“Jimbo introduced me to him,” Bette said about Patton. “He’s an excellent producer. He’s a member of The Dexateens and he’s a member of the Drive by Truckers, so he knows what he’s doing. He also has produced several albums for other artists. And he’s a great guy.”
“We wanted to get heavy into her rock side,” Patton said for a press release announcing the record. “Even the ballads on this record hit hard. We were pulling from Ike & Tina, Betty
Wright and Betty Davis, stuff like that.”
The album kicks off with a great example of what he’s talking about, a tough and funky rendition of blues guitarist Lonnie Shields’ “Fistful of Dollars” (that Clint Eastwood reference must have led to the swaggering album title) from his 1992 debut Portrait. Although the song is written from a man’s perspective, Bette owns it completely. The band has toughened it up for her, complete with a great horn section chiming in throughout (according to the album credits, that horn section is one person by the name of Henry Westmoreland).
The second tune, “Whistle Stop,” is a ballad Bette wrote about her mother, based on a dream she had just before her mother died. Listen closely to the passion and power in this slow burner.
And just try to sit still when Bette sings and the band rocks “I’m a Sinner.” That’s Jimbo Mathus on the wonderfully insistent guitar, driving everything along. It’s a hip-shaking ruckus.
Next up is an acoustic version of Bette and guitar doing a few lines of the song “I Felt It Too,” before the rip-roaring band version kicks in.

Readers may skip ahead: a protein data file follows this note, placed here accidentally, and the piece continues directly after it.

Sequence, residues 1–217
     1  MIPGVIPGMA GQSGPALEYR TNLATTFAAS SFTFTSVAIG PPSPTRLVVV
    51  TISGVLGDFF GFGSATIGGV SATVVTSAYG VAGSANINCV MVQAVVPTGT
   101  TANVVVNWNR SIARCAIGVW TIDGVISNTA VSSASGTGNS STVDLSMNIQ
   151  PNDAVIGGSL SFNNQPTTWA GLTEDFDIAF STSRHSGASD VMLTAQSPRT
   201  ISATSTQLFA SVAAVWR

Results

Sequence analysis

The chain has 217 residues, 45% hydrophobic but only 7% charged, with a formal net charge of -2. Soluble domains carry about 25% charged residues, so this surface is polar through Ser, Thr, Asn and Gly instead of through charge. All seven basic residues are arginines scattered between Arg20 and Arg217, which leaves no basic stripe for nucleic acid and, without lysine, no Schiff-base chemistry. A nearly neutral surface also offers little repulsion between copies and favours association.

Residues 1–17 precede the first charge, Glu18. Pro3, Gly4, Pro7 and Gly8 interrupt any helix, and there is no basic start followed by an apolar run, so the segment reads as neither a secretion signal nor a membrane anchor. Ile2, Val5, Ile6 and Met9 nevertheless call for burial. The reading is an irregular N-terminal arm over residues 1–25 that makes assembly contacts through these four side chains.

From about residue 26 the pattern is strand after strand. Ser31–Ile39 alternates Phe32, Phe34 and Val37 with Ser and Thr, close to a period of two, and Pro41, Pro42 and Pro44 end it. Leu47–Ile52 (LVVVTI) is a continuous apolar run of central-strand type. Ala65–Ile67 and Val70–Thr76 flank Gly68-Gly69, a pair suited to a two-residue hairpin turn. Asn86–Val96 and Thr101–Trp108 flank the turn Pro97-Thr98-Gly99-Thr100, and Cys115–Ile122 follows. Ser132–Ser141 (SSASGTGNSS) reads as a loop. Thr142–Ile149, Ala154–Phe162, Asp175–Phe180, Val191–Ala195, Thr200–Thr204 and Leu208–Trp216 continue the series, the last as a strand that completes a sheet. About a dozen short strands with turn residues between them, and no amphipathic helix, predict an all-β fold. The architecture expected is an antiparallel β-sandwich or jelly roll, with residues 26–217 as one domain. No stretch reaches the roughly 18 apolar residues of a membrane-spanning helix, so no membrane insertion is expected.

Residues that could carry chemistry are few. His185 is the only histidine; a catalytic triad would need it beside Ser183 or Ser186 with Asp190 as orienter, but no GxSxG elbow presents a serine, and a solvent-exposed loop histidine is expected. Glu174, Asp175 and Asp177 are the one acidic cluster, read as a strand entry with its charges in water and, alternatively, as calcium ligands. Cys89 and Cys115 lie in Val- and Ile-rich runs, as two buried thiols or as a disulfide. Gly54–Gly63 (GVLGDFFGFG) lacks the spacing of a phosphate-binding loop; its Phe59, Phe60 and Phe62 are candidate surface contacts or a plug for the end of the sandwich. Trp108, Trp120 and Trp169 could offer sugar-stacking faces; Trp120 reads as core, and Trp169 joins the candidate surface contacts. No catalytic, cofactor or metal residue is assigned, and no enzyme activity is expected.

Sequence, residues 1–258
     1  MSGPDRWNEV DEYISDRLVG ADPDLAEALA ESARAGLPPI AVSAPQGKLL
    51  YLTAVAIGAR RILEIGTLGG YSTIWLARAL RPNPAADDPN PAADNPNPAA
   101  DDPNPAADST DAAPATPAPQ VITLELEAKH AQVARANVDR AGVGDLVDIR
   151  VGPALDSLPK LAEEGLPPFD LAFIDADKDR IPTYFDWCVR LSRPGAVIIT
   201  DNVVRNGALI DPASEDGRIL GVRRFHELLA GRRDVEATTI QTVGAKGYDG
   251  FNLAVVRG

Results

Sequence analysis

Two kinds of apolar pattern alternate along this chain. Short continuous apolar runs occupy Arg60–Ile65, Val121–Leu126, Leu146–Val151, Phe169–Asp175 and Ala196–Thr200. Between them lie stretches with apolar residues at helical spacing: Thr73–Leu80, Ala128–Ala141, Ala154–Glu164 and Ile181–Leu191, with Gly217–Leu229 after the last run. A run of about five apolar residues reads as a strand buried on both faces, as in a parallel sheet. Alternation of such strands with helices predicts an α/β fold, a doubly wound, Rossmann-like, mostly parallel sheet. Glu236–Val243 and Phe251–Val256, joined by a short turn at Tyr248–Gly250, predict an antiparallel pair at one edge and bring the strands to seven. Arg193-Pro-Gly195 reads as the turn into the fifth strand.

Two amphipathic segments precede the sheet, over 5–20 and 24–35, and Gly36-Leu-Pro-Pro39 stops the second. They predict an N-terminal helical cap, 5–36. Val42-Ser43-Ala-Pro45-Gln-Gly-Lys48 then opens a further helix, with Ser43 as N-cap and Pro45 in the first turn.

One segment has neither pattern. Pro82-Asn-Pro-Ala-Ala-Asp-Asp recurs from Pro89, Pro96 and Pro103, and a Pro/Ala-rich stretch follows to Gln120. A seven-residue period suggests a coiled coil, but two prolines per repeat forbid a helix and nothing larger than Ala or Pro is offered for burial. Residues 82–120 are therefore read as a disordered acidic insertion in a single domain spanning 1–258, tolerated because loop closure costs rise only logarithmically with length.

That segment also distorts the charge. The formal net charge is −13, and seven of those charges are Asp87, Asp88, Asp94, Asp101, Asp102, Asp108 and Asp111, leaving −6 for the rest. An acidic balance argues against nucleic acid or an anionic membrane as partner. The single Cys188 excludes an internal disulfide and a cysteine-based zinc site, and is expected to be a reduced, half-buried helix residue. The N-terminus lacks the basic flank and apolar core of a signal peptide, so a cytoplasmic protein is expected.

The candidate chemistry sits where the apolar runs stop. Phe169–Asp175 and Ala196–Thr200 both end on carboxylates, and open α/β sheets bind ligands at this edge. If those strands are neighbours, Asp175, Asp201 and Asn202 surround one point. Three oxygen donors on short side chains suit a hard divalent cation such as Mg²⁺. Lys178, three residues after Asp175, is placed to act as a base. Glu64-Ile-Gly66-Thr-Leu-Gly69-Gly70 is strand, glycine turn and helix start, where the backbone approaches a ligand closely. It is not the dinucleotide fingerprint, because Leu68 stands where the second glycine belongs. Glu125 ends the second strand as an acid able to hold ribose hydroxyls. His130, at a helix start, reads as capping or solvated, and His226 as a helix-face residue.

The first side of the album ends with “Signs and Wonders,” where Bette’s muscular voice is accompanied by Luther Dickinson’s guitar. Being a member of the North Missiippi All Stars, he must have just been in the neighborhood for this song. He provides an architecturally intricate and very satisfying solo.
Side 2 begins with Bette’s great tribute to her Australian labradoodle (name): Human, complete with extreme funk wah-wah guitar. Just a really, really cool song that I now find myself singing…”I wanna be your human!”
“When your heart is in pain
Whole world’s up in flames
Ooh, run to me
I wanna be your human.”
The next song, too, is another powerful Bette original, “Song for a Friend” – “Don’t you mess around, she was a friend of mine.” Nice bass lead from Patton.
“Pine Belt Blues” is another cover, from Patton’s Dexateens, and again, Bette completely owns the song. And since it contains the lines, “I was lost but I was found,” it fit into the story Bette wanted to tell on this record, and makes complete sense that it sounds like her own.
She follows that with a rocking version of the great but troubled Eddie Hinton’s “Everybody Needs Love,” which the Drive By Truckers covered on their ninth album. Patterson Hood of the Truckers joins Bette on vocals. Hood is from Muscle Shoals, Alabama, where Hinton lived and recorded in the ‘60s and ‘70s.
The record ends with novelist/songwriter Willy Vlautin’s “Don’t Skip Out on Me,” an acoustic guitar and Bette’s voice beginning the dreamy ending of this stunning record. Westmoreland’s trumpet adds to the dreaminess.